Writer Titilola Dawudu talks about the release of ‘Hear Me Now Volume Two’ in partnership with Tamasha and published by Methuen Drama
A crucial figure at the forefront of better representation within the arts, writer Titilola Dawudu has actively paved a formidable path with her Here Me Now series. Published in 2018, her book Here Me Now Volume One was made available to performers looking for monologues representative of their own cultural heritages, identities and experiences. The Hear Me Now Festival, comprising of various pieces from Black and South Asian artists in 2020 and the Hear Me Now Podcast in 2021 following on from the success of volume one. Currently, volume two looks to continue on from this incredibly necessary journey paved so far, with the release of the publication due for 25th August. Ahead of the release, Titilola tells us more about her Hear Me Now journey so far, working with Tamasha to create this crucial resource and what performers can expect from the book!
Hi Titilola, Hear Me Now Volume Two is now available to pre-order on various platforms for the 25th August. How are you feeling?
In a word: joyful! I’m excited to present along with Tamasha, a collection of monologues that really represent where we are in the sector. Since the pandemic, there’s been an unspoken collective manifesto of thought around how we cannot go back to how things were in the sector. Life should not be the same. It was not equitable for all. Therefore, there has been a forceable and intentional taking up of space by artists and creatives whose work has been deemed ‘risky’, is underrepresented, put in a box, etc…
Hear Me Now Volume Two follows Volume One, which was released in 2018, the Hear Me Now Festival of Monologues (2020) and the Hear Me Now Podcast (2021). What has the journey in terms of creating this series involved so far?
The journey has involved constantly thinking about answering these questions: how can we as creatives and artists find joy in our work? How can we all thrive? How can we control our own narratives?
What has the response been towards the festival and Volume One?
Volume One was such an amazing and special time. I became a mother at the same time and there were a lot of firsts, a lot of newness, a lot of not wanting to get things wrong. But ultimately it was all wonderful.
The festival was a gamble. It was at the same time as the Vault Festival in February in 2020, just before the first lockdown. I’m a great believer that there’s room for us all, so holding a festival at the same time as a well-known one, was a gamble in some sense but also a great opportunity to learn more about reaching audiences in different ways, and engage new people in my work. I took the challenge on and it paid off. For the shows we had press attend, a sold out night and a few very full shows. It was truly glorious to see majority Black and South Asian women in the audience really being engaged and responsive to the material. Of course, there has been learning, especially around care for the creative team and cast whilst taking on an ambitious project.
Volume two includes monologues from writers Vera Chok, Josh-Susan Enright and Bea Webster, features an introduction by BAFTA-nominated actor Ashley Madekwe, with top tips for auditioning from Tamasha and actors Kevin ‘KG’ Garry and Cherelle Skeete. What has compiling Volume two involved?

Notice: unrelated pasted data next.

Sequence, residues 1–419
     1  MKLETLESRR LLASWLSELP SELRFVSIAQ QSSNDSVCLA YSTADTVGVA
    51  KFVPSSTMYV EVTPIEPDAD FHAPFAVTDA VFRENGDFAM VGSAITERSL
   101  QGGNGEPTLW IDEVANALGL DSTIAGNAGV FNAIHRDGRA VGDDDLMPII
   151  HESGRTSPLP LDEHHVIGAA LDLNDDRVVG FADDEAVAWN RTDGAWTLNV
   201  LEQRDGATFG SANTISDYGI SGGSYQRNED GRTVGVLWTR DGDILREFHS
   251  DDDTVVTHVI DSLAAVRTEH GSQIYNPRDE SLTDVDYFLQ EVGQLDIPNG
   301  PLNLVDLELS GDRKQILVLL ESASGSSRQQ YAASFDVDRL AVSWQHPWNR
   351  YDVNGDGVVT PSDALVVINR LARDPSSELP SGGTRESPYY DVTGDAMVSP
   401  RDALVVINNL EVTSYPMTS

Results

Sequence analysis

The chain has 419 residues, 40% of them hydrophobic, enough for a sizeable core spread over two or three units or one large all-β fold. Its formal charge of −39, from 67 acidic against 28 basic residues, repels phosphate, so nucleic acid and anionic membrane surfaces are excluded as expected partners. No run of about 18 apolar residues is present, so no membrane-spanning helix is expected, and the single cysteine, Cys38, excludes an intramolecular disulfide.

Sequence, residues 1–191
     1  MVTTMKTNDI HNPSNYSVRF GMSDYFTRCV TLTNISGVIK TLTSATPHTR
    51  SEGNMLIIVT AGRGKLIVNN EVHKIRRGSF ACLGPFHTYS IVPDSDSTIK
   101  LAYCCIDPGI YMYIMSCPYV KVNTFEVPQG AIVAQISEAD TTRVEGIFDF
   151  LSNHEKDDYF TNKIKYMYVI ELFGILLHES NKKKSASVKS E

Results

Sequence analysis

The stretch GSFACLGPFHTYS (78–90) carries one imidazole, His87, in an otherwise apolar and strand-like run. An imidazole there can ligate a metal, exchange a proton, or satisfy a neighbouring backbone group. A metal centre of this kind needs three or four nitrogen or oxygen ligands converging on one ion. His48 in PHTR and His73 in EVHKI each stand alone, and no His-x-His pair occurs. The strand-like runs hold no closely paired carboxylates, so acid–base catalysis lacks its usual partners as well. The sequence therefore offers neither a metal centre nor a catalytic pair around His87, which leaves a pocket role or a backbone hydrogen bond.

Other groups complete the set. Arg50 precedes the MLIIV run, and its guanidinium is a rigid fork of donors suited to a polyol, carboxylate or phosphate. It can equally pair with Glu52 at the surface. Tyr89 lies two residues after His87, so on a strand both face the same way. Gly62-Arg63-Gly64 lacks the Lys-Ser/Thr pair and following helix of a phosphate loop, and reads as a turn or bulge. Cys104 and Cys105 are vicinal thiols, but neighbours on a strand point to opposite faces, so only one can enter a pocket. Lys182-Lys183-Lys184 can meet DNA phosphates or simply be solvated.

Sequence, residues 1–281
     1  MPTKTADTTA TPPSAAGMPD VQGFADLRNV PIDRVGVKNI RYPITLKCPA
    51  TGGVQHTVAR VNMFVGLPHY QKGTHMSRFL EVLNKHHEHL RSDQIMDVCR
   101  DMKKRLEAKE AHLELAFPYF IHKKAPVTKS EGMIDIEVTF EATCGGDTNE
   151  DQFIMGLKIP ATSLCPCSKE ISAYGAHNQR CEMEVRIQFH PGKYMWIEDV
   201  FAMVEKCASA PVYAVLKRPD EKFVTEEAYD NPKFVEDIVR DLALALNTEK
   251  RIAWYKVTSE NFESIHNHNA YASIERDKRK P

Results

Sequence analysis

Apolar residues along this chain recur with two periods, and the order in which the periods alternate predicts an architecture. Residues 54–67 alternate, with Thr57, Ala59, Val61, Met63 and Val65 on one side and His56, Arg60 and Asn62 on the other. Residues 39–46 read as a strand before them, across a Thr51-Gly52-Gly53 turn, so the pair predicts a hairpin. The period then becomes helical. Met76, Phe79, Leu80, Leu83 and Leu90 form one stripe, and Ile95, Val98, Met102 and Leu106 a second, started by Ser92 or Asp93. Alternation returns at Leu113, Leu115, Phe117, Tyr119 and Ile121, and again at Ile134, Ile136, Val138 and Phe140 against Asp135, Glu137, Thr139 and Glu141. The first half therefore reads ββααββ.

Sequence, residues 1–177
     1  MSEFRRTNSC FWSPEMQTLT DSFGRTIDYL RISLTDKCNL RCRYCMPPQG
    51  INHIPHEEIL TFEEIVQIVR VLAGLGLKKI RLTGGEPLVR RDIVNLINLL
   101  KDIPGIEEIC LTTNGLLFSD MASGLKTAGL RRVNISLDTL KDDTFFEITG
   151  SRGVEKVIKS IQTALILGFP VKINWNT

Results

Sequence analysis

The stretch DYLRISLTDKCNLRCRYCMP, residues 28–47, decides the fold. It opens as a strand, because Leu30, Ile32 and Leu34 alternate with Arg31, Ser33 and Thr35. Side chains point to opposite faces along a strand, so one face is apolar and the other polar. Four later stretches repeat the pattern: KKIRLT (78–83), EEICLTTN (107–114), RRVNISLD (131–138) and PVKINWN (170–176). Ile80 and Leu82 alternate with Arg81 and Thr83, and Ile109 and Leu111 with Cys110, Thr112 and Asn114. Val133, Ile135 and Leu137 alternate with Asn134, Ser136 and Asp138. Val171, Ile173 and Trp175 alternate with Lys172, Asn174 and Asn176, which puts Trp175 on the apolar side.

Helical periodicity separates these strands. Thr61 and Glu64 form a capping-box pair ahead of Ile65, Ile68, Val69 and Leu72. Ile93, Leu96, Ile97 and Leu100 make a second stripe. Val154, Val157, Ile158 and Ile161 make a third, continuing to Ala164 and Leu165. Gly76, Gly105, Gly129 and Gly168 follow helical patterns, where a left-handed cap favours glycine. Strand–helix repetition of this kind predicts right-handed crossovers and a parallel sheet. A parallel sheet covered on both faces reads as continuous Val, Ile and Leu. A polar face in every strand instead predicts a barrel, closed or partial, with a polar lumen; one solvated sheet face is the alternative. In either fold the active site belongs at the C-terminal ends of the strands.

It has involved an incredible amount of time. You can never underestimate how much time it takes to put something together, that cannot be measured in a funding bid. The number of emails I have sent and answered is encyclopaedic!
My artistic practice involves me taking more care of myself as I am understanding my own way of working being a partially deaf person. This has encouraged me to have a more nuanced way to think about what an inclusive practice is.
There has been so much joy and celebration around this new volume. There are so, so many people involved and I am filled with gratitude. HMN has professionally been rewarding and immensely validating and the support from the artistic community has really encouraged me, especially when it has been overwhelming and stressful! Getting in touch with Cherrelle Skeete, Sarah Niles and the others and even Ashley Madekwe, to be a part of the book was joyful. There was no convincing needed – it was a ‘yes, how can I support?’
What have you learned/taken away from your journey creating the Hear Me Now series?
A retweet, a like, a supportive message – goes a long way. Everyone out there that has done this, I am grateful because not everyone understands what happens behind the scenes and how gratitude and exhaustion sit together.
I have learnt that being able to provide a platform, or provide spaces or support in others’ creativity – is also part of my own creative and artistic practice. Whilst I’m still waiting for an agent to represent me or waiting for my own run of a play I wrote on at a major theatre, and other professional goals – I know that HMN has opened up so much for me in my waiting period. It has allowed me to meet so many new people, work with incredible imaginations. And most of all, it has given work to artists.
What can performers expect from the book?
Choice! There are 101 monologues. 101 new windows of stories that can be taken into audition rooms, workshops, new spaces, outside. New stories to play with.
What would you like for performers to take away from the book?
I would like performers to really be able to take the book and use in ways that serve them, whether this be in an audition. It could be to reignite their imaginations and creativity. It could be as inspiration in a workshop.
Questions by Lucy Basaba.
Here Me Now Volume One is currently available here…
Here Me Now Volume Two is currently available for pre-order here, and officially available to purchase from Thursday 25th August 2022.